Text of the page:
• dominic1955

      “All that she must do is to retake, with the help of true workers for the social restoration, the organisms shattered by the Revolution, adapting them in the same Christian spirit that inspired them to the new environment created by the material development of today’s society. For the true friends of the people are neither revolutionaries nor innovators, but traditionalists.”-Pope St. Pius X, Notre Charge Apostolique

      Yep, certainly.

    • Dante Aligheri

      Trellis, I agree with you. The Church is “conservative” in the truest, most original sense of the word – that is, conserving Tradition. The Church transcends liberalism – that is, both classical liberalism of the Republicans and the progressivist liberalism of the Democrats – because the Church represents a political concept older than the Enlightenment from which all modern political systems spring. Republicanism – that is, the American Party and not the system – is only conserving eighteenth century liberalism. Simply, the Church is conservative; the Republican Party (and Democratic Party) are liberal. The closest analogy for the Church’s view from a political thinker might be Burke’s traditionalism (?).

      Oops. After I wrote this, I just realized dominic1955 said the same thing.

  • Dante Aligheri

    Rodak brings up an interesting point. This is why I almost wish Catholics could establish an American Center Party similar to that which we had in Germany during the Weimar Republic. Alas, I do not think our political system is capable of a strong third party option.

    • Kurt


      Well, the Zentrum was the author of socialized medicine, supported unionization of workers in the private and public sectors, was deeply committed to social welfare programs, and helped enact unemployment benefits. At the same time they were willing to work with pro-abortion politicians and parties in order to advance common goals. They supported expansion of democratic rights even if the electorate might oppose the Zentrum’s principles on abortion and other issues.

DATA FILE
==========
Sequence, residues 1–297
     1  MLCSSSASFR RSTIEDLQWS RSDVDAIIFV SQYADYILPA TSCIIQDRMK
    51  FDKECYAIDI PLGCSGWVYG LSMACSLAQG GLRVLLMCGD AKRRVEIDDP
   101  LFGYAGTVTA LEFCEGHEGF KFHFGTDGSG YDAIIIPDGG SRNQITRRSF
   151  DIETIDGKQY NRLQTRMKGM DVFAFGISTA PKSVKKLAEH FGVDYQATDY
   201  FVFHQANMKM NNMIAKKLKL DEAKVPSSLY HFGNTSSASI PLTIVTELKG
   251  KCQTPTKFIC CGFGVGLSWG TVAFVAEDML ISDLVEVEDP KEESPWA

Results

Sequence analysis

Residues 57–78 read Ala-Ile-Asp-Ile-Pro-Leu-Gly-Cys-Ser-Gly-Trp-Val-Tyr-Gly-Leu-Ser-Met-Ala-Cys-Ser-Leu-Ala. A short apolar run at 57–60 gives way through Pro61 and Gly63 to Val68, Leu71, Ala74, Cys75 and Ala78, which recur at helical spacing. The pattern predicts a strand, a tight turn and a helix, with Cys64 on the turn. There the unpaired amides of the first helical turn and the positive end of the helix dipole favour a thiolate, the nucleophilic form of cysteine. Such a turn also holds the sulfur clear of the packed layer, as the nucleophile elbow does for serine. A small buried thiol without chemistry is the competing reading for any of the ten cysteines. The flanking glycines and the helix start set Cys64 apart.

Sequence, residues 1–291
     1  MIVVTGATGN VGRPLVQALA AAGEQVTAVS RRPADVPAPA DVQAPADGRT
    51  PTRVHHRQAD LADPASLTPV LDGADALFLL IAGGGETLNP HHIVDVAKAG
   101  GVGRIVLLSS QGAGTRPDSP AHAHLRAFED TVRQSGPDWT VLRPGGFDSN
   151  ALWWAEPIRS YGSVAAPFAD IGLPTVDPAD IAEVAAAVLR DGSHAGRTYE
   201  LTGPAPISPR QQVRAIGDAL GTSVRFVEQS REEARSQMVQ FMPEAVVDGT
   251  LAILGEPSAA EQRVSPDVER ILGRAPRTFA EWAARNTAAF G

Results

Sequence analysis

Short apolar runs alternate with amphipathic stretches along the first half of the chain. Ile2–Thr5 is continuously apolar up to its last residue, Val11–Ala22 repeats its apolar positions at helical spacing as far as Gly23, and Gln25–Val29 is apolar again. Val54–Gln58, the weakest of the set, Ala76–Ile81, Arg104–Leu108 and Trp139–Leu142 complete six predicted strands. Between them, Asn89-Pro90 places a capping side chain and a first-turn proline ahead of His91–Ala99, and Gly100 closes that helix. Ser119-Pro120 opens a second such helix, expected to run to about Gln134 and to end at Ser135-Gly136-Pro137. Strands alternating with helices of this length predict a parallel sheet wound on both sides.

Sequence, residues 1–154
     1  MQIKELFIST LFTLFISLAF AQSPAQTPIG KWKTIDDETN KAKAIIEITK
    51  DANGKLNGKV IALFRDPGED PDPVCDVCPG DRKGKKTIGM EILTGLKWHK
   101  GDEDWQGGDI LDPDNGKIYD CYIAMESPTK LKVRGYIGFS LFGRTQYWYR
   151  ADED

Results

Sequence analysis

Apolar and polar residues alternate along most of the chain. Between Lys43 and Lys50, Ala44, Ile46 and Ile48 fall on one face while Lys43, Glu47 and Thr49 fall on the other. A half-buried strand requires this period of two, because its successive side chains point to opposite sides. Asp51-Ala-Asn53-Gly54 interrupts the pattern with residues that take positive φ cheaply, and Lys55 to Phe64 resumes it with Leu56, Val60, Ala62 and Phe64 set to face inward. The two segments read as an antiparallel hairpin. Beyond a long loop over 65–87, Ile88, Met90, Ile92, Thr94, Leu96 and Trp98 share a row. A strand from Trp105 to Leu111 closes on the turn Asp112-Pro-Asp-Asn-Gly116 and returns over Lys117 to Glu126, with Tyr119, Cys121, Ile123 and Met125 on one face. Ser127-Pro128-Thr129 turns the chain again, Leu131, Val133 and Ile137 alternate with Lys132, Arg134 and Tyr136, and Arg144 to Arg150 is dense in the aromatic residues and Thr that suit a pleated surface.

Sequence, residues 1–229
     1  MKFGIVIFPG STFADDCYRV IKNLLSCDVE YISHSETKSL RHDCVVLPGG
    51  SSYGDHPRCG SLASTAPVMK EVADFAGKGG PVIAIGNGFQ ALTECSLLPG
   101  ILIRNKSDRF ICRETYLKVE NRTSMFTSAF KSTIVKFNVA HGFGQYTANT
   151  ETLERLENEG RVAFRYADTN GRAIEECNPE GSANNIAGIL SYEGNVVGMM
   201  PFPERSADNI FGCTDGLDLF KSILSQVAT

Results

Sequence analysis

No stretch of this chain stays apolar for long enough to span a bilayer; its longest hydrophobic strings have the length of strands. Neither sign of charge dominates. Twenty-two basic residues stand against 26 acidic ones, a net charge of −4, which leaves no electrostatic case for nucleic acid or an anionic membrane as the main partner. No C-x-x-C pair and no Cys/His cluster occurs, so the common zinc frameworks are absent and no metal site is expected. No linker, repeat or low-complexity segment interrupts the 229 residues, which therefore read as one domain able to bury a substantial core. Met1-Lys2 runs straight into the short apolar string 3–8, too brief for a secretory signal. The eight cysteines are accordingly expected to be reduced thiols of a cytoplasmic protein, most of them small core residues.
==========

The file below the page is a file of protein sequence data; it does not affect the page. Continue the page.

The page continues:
And, it was unashamed to expel from the Party its right-wing element led by von Pappen.

      I think it was an admirable organization. However, I have no hope the contemporary American Catholic conservatives nor much of the Episcopacy would ever support such an agenda. I would love to be convinced to the contrary.

      • Dante Aligheri

        I did not know that. Thanks. Well, I’m not sure about working with pro-abortion politicians part, but the rest would be fine by me.

  • There IS a type of “conservatism” in politics that a Catholic could support; however, it was NEVER found in America:


  • Quite true!

    Historically speaking, left-right politics came to fruition after the separation of Church and State, and the advent of modern democracy. Catholics that wanted to restore the aristocracy to power (and thus continue the mission of the Church through state administration) usually leaned towards “the right”, whereas Catholics who had greater concern for the welfare of the poor (and thus continue the mission of the Church through community) chose “the left”.

    We are only conservative insofar as that our views were put into action in the past. There was once a time where Christians were seen as radically progressive.

    I’d say being a true Christian is radical, in and of itself.

  • Rat-biter

    “I find such a question misguided because the Church (magisterially speaking) doesn’t think in these terms, much to its credit.”

    ## Why should the question apply only to the Magisterium ? STM it applies to everything in the culture and sociology of Catholicism.

    “I’d say being a true Christian is radical, in and of itself.”

    ## Not sure what the modifier “true” is intended to mean, but yes. If Catholics were radical, the authorities in the CC would not like it. They don’t like religious impulses they cannot manage and control by laws & whatnot; they never have.

    • Julia Smucker

      I limited that particular observation to the magisterium because the laity (at least in the United States) is polarized, and many do make the mistake of trying to frame the Church’s thought in these terms, despite how out of place they are in the Catholic tradition. This happens politically, as we try to conform Catholic Social Teaching to the Dem/Rep binary (which, as I and others here have said, is really a polarization between left-liberalism and right-liberalism, neither of which is compatible with CST), and ecclesiologically, as we split into the equally polarized factions of those who idolize the magisterium and those who demonize it.